I already miss Adeline Adeline.
The venerable Tribeca shop, a celebration of lovely upright bicycles and accessories for city riding founded by Julie Hirschfeld, closed its doors two weeks ago. The neat row of cargo bikes no longer lines the sidewalk, and the pretty window displays are gone. What remains is a legacy of a more stylish and carefree way of looking at city bicycling, and a compelling model for making bike shopping a more pleasant experience.
From the day that Adeline Adeline opened in 2010 at 147 Reade Street, it was like no other bike shop in the city. The store took its unusual named from Julie’s grandmothers, both of whom were named Adeline.
Its tag line: “A Very Nice Bicycle Shop.” And it was!
Inside an airy, loft-like expanse, classically-inspired bicycles stretched in a swath of colored steel along one wall. Wooden racks and shelves on the facing wall displayed beautifully designed helmets, bags, baskets and lights. Touches of whimsy, like hand-painted bike bells nestled on cupcake stands, heightened the sense of shopping pleasure and discovery. All reflected Julie’s keen eye and background in graphic design and branding.
Making Bike Shopping More Fun
Beyond the esthetic, though, was a commitment to making bicycling fun and accessible. Julie’s goal was to create a friendly, welcoming environment, with a high level of customer service. Adeline Adeline was a place where one could explore, ask questions, gain practical advice, take a bike out for a spin. People stopped in from the neighborhood, and from well beyond New York City’s borders.
I remember discovering Julie’s website for the first time, as I know countless others who love city bicycling do. It was a revelation, not just for the individual products found there, but for the totality of the vision. Skirt guards, helmets that resembled hats, sprung saddles in rich leather, big wicker baskets – all connected bicycles, as iconic objects and as simple machines for daily transport, with hip and stylish urban living.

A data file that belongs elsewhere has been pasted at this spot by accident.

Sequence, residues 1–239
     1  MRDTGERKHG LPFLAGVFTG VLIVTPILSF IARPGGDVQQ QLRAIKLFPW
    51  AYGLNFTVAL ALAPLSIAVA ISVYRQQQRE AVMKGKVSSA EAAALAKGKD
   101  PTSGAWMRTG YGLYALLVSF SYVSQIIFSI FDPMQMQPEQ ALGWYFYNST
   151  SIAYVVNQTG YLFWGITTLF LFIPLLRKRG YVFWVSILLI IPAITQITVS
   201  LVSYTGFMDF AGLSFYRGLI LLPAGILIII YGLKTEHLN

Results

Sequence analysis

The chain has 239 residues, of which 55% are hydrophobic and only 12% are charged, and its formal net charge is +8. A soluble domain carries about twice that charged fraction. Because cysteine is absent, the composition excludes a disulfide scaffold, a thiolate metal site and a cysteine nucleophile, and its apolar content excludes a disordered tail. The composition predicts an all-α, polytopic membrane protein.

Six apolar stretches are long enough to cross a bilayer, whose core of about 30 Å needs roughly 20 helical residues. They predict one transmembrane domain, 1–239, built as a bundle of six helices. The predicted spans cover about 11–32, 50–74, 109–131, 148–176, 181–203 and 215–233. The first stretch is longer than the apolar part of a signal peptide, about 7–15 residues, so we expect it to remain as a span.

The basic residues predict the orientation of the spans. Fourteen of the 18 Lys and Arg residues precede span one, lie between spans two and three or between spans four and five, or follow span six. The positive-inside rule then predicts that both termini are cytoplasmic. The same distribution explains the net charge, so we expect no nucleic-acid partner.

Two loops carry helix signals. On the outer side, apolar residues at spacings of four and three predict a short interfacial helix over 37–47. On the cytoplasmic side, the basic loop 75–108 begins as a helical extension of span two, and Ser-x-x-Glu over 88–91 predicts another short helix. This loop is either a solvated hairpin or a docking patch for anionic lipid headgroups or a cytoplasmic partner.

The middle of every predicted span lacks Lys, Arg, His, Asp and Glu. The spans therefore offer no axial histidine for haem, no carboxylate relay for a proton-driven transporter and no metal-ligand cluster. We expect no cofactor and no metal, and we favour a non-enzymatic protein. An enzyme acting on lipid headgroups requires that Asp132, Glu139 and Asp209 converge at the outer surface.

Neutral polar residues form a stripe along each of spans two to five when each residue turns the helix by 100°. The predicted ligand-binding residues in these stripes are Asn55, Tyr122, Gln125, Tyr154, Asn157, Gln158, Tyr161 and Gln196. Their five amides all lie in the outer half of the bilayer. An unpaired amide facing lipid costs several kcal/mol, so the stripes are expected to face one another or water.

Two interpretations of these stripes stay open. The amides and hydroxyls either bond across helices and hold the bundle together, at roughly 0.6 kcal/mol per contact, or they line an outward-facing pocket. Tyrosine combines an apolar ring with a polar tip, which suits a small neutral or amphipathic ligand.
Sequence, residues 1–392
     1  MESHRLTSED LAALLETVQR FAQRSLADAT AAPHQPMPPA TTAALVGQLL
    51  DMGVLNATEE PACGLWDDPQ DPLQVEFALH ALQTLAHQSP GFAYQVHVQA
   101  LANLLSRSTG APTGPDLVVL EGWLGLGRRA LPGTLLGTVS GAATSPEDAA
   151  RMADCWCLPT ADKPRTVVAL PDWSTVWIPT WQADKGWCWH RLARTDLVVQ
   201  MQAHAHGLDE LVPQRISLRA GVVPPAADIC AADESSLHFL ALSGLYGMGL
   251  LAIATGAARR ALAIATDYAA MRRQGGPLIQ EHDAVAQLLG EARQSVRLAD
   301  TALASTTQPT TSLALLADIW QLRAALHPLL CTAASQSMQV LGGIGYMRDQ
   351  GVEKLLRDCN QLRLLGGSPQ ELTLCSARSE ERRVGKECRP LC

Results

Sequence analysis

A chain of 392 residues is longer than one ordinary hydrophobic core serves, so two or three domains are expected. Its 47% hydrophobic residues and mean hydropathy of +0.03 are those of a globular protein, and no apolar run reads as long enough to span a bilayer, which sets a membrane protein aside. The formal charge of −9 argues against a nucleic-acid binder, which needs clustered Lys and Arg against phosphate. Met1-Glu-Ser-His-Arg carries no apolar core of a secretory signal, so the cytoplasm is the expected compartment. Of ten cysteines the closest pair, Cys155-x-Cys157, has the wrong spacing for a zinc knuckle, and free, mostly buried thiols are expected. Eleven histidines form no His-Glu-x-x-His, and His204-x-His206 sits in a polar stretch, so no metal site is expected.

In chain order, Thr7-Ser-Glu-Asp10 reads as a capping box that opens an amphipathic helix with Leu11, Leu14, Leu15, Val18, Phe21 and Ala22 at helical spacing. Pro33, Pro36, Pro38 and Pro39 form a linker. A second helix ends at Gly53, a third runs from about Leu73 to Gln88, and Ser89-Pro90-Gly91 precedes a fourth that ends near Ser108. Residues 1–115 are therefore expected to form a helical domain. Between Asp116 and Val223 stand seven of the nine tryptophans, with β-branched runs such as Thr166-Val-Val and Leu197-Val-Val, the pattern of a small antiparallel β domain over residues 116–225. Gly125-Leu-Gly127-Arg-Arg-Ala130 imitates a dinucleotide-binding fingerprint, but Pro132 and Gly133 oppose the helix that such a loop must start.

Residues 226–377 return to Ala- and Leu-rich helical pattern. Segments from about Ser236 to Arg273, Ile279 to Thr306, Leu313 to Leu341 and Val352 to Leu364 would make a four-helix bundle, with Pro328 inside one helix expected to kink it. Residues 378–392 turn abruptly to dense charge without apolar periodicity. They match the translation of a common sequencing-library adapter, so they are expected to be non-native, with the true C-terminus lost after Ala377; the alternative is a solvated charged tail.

Bicycling as Lifestyle
This idea of placing bicycling into the realm of “normal” everyday activity – one that already has credence in other parts of the world — was new and noticed here. Julie was often quoted in the media in New York City and around the world, as interest in urban cycling style grew through photo blogs, lifestyle marketing and other sources.
“Biking is not this other thing you have to do,” Julie told Vanity Fair in 2012. “It just becomes part of what you do daily in routine. I want the bike and accessories and everything to look like it’s part of your life.”
Julie and I first met at a fundraiser for Transportation Alternatives in 2010. We connected around a common passion and became friends. I was also a customer: I bought my midnight blue Pashley Britannia and its glorious accessories at Adeline Adeline.
I have great memories of events that Julie hosted at the shop: a launch party for the Kate Spade x Adeline Adeline bicycle (above), a book signing for Hollywood Rides a Bike, the step-off for an evening scavenger-hunt ride to benefit T.A.
We traveled together to the National Bike Summit, and got kicked out of the “quiet” car on the Accela for talking too much. In 2012, we teamed up to host a pop-up shop of hand-crafted bicycle accessories at the New Amsterdam Bicycle Show.
The Road Ahead?
Recall that, in the not too distant past, the image of a city cyclist tended to involve a racing or fixed gear bicycle and a certain warrior spirit. Julie was out front in recognizing what the transformation of New York City’s streets through a growing bike lane network, improved safety and eventually bike share would mean to everyday bicycling here. She still may be. In a letter to her customers and suppliers, Julie writes:
“I can’t say what that future holds, but I know that the next 5 years will see even more radical change than what we’ve seen so far. I’m confident that for those who love bikes today – and especially for those who will love them tomorrow – the best is yet to come.”
“For us to move forward, we must leave the past behind. We must say goodbye to the store that inspired us, yet still binds us to the traditional bike shop model – a model that I aspire to leap beyond.”
So perhaps this is just goodbye for now. I hope so.